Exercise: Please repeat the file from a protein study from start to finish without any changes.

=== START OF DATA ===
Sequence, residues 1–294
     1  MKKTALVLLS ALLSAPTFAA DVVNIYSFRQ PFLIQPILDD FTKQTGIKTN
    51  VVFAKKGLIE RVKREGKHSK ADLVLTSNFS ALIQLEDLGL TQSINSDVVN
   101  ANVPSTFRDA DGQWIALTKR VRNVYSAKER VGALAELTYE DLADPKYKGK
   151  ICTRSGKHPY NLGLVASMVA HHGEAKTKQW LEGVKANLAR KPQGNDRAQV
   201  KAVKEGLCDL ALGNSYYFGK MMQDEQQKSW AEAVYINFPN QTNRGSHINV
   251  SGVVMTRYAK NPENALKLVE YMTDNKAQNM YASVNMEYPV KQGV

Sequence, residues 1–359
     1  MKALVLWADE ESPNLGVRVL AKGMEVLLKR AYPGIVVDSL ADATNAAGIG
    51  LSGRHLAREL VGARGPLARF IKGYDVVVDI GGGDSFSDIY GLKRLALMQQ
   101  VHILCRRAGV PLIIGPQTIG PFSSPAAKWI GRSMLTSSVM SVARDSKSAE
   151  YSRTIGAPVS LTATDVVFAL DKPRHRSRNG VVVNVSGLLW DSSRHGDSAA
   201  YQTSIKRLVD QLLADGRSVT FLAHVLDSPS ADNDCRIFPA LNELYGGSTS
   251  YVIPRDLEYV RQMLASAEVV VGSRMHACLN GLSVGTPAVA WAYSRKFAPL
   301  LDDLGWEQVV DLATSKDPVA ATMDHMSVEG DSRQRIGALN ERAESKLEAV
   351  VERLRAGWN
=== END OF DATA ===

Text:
Sequence, residues 1–294
     1  MKKTALVLLS ALLSAPTFAA DVVNIYSFRQ PFLIQPILDD FTKQTGIKTN
    51  VVFAKKGLIE RVKREGKHSK ADLVLTSNFS ALIQLEDLGL TQSINSDVVN
   101  ANVPSTFRDA DGQWIALTKR VRNVYSAKER VGALAELTYE DLADPKYKGK
   151  ICTRSGKHPY NLGLVASMVA HHGEAKTKQW LEGVKANLAR KPQGNDRAQV
   201  KAVKEGLCDL ALGNSYYFGK MMQDEQQKSW AEAVYINFPN QTNRGSHINV
   251  SGVVMTRYAK NPENALKLVE YMTDNKAQNM YASVNMEYPV KQGV

Sequence, residues 1–359
     1  MKALVLWADE ESPNLGVRVL AKGMEVLLKR AYPGIVVDSL ADATNAAGIG
    51  LSGRHLAREL VGARGPLARF IKGYDVVVDI GGGDSFSDIY GLKRLALMQQ
   101  VHILCRRAGV PLIIGPQTIG PFSSPAAKWI GRSMLTSSVM SVARDSKSAE
   151  YSRTIGAPVS LTATDVVFAL DKPRHRSRNG VVVNVSGLLW DSSRHGDSAA
   201  YQTSIKRLVD QLLADGRSVT FLAHVLDSPS ADNDCRIFPA LNELYGGSTS
   251  YVIPRDLEYV RQMLASAEVV VGSRMHACLN GLSVGTPAVA WAYSRKFAPL
   301  LDDLGWEQVV DLATSKDPVA ATMDHMSVEG DSRQRIGALN ERAESKLEAV
   351  VERLRAGWN